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Environmental risk assessment of existing chemicals

  • Jan Ahlers
  • Robert Diderich
  • Ursula Klaschka
  • Annette Marschner
  • Beatrice Schwarz-Schulz
Article

Abstract

Most of the existing chemicals of high priority have been released into the environment for many years. Risk assessments for existing chemicals are now conducted within the framework of the German Existing Chemicals Program and by the EC Regulation on Existing Substances. The environmental assessment of a chemical involves:
  1. a)

    exposure assessment leading to the derivation of a predicted environmental concentration (PEC) of a chemical from releases due to its production, processing, use, and disposal. The calculation of a PEC takes into account the dispersion of a chemical into different environmental compartments, elimination and dilution processes, as well as degradation. Monitoring data are also considered.

     
  2. b)

    effects assessment. Data obtained from acute or long-term toxicity tests are used for extrapolation on environmental conditions. In order to calculate the concentration with expectedly no adverse effect on organisms (Predicted No Effect Concentration, PNEC) the effect values are divided by an assessment factor. This assessment factor depends on the quantity and quality of toxicity data available.

     

In the last step of the initial risk assessment, the measured or estimated PEC is compared with the PNEC. This “risk characterization” is conducted for each compartment separately (water, sediment, soil, and atmosphere). In case PEC > PNEC an attempt should be made to revise data of exposure and/or effects to conduct a refined risk characterization. In case PEC is again larger than PNEC risk reduction measures have to be considered.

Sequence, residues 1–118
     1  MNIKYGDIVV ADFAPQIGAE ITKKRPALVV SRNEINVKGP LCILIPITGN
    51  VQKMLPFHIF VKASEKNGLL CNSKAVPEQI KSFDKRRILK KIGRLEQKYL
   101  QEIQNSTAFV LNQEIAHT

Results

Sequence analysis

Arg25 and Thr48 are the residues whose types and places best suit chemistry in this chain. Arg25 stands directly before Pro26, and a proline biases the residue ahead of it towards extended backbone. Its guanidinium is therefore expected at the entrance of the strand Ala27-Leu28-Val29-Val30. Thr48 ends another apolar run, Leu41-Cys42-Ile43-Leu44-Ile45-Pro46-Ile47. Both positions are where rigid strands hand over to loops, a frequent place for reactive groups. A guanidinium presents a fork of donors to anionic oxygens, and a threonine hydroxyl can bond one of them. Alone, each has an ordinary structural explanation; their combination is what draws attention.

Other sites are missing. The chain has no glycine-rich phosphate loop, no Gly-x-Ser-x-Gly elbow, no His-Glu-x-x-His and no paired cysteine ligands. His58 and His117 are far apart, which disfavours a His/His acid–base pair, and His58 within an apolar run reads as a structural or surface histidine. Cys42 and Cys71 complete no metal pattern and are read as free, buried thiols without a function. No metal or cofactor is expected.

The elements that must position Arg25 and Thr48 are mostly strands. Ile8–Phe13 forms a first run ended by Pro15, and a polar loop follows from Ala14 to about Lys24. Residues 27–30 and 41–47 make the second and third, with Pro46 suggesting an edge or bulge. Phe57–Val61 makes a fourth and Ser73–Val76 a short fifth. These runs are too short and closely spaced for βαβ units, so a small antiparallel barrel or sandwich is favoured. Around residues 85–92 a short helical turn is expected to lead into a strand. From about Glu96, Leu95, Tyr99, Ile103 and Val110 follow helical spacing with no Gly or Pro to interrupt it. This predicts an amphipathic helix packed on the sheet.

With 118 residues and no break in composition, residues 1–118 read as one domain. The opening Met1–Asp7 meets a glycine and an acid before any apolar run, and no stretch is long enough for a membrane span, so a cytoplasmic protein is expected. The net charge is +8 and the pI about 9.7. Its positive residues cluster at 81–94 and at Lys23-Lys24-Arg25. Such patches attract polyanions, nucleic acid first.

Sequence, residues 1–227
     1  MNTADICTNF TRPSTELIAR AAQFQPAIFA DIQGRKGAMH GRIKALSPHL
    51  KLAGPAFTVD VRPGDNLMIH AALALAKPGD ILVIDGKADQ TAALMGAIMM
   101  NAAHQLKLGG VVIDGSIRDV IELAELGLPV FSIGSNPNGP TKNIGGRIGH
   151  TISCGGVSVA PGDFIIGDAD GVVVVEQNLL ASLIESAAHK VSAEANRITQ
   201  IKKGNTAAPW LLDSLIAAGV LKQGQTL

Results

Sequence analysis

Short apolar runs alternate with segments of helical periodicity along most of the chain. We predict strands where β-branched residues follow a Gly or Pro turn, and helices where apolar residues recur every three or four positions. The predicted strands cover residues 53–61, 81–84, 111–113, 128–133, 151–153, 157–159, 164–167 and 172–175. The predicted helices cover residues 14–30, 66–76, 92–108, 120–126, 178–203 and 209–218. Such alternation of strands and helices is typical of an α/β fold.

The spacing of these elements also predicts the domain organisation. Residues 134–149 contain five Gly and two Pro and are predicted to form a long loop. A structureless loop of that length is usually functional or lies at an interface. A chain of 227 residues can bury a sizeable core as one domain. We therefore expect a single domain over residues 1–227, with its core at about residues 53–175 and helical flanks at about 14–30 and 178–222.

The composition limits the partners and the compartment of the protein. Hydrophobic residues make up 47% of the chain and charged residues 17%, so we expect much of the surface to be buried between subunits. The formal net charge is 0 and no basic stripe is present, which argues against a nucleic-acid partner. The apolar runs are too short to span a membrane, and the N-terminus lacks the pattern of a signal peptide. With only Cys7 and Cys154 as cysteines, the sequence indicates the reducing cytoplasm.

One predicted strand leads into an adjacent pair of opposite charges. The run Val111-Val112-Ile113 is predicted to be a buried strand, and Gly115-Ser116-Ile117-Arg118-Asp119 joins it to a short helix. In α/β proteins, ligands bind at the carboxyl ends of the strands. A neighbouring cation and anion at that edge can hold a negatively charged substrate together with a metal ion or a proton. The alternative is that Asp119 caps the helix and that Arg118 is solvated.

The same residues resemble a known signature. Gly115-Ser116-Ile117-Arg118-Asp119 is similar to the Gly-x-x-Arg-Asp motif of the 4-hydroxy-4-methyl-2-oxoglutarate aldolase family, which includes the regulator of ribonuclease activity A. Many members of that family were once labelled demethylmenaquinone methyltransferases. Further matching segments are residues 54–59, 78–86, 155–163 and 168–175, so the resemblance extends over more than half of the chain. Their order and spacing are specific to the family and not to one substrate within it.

Keywords

Environmental Risk Assessment Waste Water Treatment Plant Assessment Factor Risk Characterization Technical Guidance Document 
These keywords were added by machine and not by the authors. This process is experimental and the keywords may be updated as the learning algorithm improves.

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Literature

  1. Ahlers, J.;Koch, W.;Lange, A.;Marschner, A.;Welter, G. (1992): Bewertung der Umweltgefährlichkeit von Alten Stoffen nach dem Chemikaliengesetz (ChemG). Chemikaliengesetz Heft 10, Texte 19/92, Umweltbundesamt, Berlin, März 1992Google Scholar
  2. Ahlers, J.; Koch, W.; Marschner, A.; Welter, G. (1993): The Sci. Total Environm. Supplement 1993, 1587–1596Google Scholar
  3. Deutscher Bundestag (1985): Bodenschutzkonzeption der Bundesregierung BT-Drs. 10/2977 vom 7. März 1985Google Scholar
  4. ISO (International Organisation for Standardization) (1991): Soil Quality, Vocabulary, Part 1: Terms and Definitions Relating to Soil Protection and Soil Pollution, ISO/CD 11071Google Scholar
  5. OECD (1992): Report of the Workshop on Effects Assessment in Sediment. Copenhagen, Denmark, 13–15 May 1991Google Scholar
  6. Technical Guidance Documents in Support of the Risk Assessment Directive (93/67/EEC) for Substances Notified in Accordance with the Requirements of Council Directive 67/548/EEC. Brussels, 1993Google Scholar
  7. UBA (Umweltbundesamt) (1993): Entwurf zur Bewertung von Bodenbelastungen, Fachgebiet I 3.7Google Scholar

Copyright information

© Ecomed Publishers 1994

Authors and Affiliations

  • Jan Ahlers
    • 1
  • Robert Diderich
    • 1
  • Ursula Klaschka
    • 1
  • Annette Marschner
    • 1
  • Beatrice Schwarz-Schulz
    • 1
  1. 1.German Federal Environmental Agency (Umweltbundesamt)BerlinGermany

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